She requests a backrub and Jess willingly complies. When things start to heat up, Jess hesitates. “It’s all right if it’s good,” Kady tells him, repeating a mantra that seems to be her answer for just about everything.
“But you’re my daughter Kady.”
“I’m a woman too.”
Much to her dismay, Jess pulls his hand from the soapy water.
They continue to work the mine and find enough silver fragments for a celebratory trip into town. Jess leaves her to do some shopping and comes back later to find her at the local roadhouse in the arms of a randy cowboy. When she decides to leave with not one, but two local boys, Jess does everything he can to protect what little honor Kady has left.
After the ensuing bar fight, Jess and Kady must stand before the local judge on charges of disturbing the peace. Judge Rauch (Orson Wells) takes a shine to jailbait Kady and has her approach the bench for a closer inspection. With a nominal fine and the threat of reform school, Kady and Jess return to the solitude of their desert shack only to find a family reunion (of sorts) in progress.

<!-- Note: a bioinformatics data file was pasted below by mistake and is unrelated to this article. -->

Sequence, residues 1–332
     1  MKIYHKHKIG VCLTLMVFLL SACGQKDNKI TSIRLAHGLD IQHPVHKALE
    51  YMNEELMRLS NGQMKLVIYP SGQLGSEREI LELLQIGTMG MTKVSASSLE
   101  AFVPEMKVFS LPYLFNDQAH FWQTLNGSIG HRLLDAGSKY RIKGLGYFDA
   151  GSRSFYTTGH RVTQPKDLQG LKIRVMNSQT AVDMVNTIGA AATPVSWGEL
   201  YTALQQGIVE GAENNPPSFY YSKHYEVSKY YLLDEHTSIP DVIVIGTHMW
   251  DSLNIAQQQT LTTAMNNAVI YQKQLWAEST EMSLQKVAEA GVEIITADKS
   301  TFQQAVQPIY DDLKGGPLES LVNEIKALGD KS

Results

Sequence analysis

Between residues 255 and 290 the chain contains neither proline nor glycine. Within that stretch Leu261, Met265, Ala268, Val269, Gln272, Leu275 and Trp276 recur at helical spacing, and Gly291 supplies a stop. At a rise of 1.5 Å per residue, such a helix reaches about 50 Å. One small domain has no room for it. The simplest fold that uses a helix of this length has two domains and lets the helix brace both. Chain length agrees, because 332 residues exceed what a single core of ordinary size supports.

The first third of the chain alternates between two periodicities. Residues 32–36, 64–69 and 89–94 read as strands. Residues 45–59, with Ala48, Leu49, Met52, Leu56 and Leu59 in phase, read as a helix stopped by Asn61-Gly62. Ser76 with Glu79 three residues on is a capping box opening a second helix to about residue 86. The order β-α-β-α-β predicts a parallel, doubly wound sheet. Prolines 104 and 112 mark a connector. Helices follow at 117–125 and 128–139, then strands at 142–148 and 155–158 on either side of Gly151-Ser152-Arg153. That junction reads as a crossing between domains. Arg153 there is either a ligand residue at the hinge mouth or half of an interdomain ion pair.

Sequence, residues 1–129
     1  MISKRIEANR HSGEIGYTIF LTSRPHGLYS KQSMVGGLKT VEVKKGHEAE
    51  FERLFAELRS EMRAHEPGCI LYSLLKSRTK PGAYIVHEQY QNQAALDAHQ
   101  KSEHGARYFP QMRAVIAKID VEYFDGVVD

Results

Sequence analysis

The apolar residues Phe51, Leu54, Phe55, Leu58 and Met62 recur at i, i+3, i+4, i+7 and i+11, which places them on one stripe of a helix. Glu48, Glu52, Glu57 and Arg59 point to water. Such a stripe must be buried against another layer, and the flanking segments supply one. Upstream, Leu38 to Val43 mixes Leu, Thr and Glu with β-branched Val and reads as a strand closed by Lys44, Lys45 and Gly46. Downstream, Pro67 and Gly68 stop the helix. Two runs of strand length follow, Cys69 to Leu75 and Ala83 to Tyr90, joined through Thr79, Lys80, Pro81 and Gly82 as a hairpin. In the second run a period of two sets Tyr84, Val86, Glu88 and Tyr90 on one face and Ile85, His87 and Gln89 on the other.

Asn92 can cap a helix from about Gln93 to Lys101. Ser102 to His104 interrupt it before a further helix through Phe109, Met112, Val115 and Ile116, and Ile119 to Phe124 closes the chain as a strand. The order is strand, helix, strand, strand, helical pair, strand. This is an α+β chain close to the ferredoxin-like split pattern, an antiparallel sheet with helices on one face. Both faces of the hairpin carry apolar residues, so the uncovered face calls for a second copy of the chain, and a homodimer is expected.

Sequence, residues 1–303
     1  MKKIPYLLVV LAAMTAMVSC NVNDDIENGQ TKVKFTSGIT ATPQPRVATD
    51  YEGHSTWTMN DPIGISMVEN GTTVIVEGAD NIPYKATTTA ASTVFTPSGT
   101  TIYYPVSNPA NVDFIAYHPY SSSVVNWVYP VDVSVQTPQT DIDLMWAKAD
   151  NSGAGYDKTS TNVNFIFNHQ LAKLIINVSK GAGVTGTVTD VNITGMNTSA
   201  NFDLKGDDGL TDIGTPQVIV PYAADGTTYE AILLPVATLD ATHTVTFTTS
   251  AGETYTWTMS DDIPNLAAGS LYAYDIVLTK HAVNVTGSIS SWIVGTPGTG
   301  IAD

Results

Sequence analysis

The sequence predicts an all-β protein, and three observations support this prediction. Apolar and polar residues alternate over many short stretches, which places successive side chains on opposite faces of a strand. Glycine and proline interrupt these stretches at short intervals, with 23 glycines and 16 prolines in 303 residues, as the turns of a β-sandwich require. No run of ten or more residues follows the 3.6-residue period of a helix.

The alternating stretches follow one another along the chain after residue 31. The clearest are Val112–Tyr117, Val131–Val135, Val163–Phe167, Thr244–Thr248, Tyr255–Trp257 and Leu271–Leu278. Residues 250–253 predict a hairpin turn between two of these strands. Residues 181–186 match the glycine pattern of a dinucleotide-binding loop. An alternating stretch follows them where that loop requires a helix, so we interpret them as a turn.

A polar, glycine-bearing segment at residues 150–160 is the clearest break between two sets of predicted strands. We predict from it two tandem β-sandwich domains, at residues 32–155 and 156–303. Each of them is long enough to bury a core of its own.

Kady’s sister has brought Kady’s infant son Danny for a visit. Her baby’s daddy soon comes a callin’ too. Wash Gillespie (Edward Albert) doesn’t have much backbone, but he is awfully rich. Kady plays hard to get at first (“I got one baby suckin’ on me, I don’t need another.”) but quickly accepts his marriage proposal.
Things are going real good until Jess’s tubercular ex-wife Belle (Lois Nettleton) shows up with the man who stole her from Jess years before, Moke Blue (James Franciscus). Nettleton hacks and wheezes with all the subtlety of a silent movie queen and soon takes to her sick bed. As her last dying act she tries to kill Moke with a hatpin, but he’s a slippery snake and escapes with only a flesh wound.